When someone says the word “avatar,” what images come to your mind? You may think of a picture that represents you in social media and other online spaces. Perhaps James Cameron’s 2009 film comes to mind. It’s easy to forget the word’s original religious origins, but it communicates a vital concept developed in Hinduism over thousands of years. To understand the journey of this simple word, we need to look at its roots and how it entered the English language.
Avatar: A Linguistic Trip Through History
Look up “avatar” in any dictionary and you’ll see words like “incarnation” and “manifestation.” While they convey some idea of its meaning, we need to look to its deeper roots. The Online Etymology Dictionary states that it comes from two Sanskrit roots: “ava,” which translates as “off” or “down,” and “tarati,” a verb that means “to cross over.”
The word “avatar” or the original Sanskrit “avatara” aren’t used as nouns in classic Vedic texts or the Upanishads. That doesn’t happen until about the 3rd century CE when the first Puranic stories were recorded in written form. In that literature, “avatar” denotes the physical appearance of a deity.
Vishnu and His Many Forms
Just as Christianity contains many denominations, Hinduism is full of philosophical diversity. Vaishnavism is one of its four major traditions, and its devotees believe that Vishnu is the supreme deity of the universe. He’s called the Preserver because he protects and maintains cosmic order. In classical Hindu art, he’s usually depicted with blue skin and four arms. Wearing a garland around his neck, he holds a conch, a lotus flower, a mace, and the Sudarshana Chakra–a spinning disk-like weapon.
Georgetown University’s Berkley Center explains that avatars are a huge part of Vaishnavism. While Vishnu may have assumed an infinite number of avatars, most believers focus on 10 primary incarnations. The first three were animals: Matsya the fish, Kurma the tortoise, and Varaha the boar. The fourth, Narasimha, was half-human and half-lion. The remaining six appear as humans: Vamana, Parashurama, Rama, Krishna, Buddha, and Kalki.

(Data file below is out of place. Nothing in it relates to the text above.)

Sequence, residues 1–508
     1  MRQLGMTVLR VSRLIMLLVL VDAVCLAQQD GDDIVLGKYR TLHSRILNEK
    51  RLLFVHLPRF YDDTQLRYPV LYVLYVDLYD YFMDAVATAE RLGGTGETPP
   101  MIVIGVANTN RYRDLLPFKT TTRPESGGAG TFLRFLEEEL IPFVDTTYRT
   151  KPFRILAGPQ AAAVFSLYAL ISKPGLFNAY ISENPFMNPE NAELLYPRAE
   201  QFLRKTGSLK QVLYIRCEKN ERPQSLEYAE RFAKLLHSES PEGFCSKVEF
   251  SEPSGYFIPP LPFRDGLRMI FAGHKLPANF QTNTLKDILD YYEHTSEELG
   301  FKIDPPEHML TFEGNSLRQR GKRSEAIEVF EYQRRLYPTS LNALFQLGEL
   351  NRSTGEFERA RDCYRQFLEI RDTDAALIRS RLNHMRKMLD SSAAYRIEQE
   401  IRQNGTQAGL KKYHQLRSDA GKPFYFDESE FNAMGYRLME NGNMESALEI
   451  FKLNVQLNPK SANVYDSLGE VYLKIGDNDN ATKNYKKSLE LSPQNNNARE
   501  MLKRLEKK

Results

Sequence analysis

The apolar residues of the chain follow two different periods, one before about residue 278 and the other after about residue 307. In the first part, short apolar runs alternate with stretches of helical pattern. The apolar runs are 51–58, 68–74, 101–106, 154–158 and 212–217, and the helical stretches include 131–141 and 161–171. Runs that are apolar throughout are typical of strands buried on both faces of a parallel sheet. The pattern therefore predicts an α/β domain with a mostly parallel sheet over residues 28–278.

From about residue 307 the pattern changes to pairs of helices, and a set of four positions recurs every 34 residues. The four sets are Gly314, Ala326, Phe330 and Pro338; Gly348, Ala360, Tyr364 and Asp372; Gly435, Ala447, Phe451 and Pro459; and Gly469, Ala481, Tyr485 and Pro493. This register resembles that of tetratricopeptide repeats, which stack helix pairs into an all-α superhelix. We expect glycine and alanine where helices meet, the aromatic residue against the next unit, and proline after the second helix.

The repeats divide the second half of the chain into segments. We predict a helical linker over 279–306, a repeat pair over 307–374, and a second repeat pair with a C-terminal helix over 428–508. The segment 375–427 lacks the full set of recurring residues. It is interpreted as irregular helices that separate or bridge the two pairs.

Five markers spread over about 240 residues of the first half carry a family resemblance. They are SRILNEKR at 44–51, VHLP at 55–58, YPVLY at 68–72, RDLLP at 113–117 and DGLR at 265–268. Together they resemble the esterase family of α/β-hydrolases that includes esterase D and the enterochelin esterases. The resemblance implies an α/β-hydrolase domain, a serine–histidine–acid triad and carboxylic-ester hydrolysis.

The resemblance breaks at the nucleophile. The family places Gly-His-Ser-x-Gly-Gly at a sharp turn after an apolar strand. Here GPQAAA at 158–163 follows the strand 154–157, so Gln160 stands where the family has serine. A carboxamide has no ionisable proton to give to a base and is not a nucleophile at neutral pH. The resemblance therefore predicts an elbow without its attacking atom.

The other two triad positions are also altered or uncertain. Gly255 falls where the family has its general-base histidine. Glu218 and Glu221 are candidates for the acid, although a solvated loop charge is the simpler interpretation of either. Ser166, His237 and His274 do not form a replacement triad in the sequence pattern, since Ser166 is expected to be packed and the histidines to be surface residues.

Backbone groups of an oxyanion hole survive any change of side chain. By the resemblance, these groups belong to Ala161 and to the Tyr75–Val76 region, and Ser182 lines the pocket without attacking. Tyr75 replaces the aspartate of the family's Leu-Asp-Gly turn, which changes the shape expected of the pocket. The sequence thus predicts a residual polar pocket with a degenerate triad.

Vishnu assumes an avatar when the cosmic order is threatened and humans need his help. Krishna is the most famous, with heroic exploits that include slaying demons and protecting a village from a massive flood. Kalki, the final avatar, has not yet appeared. Various texts predict that he will arrive on a white horse with a fiery sword to end the Kali Yuga, the darkest age in history.
From Religion to the Virtual World
Merriam-Webster’s dictionary dates the first known English use of “avatar” to 1784. Sir William Jones, an 18th-century philologist, used it when discussing Vishnu’s 10 manifestations in the Asiatick Researches journal. English writers such as Lord Byron began to use this new loan word, and that’s when it took on new meaning. Like Vishnu appearing in the physical world, “avatar” also signified a concrete form of an abstract idea.
From there, it wasn’t much of a leap to the computing world. Inspired by its religious significance, game developer Richard Garriott named his 1985 release “Ultima 4: Quest of the Avatar.” Through a series of quests, players would become Avatars embodying one of eight virtues. Online networks borrowed the term, representing physical users in virtual spaces.
Borrowed Words, Transformed Meanings
Language is alive. It lived on the tongues of our ancestors in southern Africa around 200,000 years ago, and since then, it’s grown and branched into thousands of distinct versions. Human linguistic diversity would not be possible without the ability of language to change. Loan words are just one way that language evolves, but they are a testament to the powers of human connection and cultural sharing.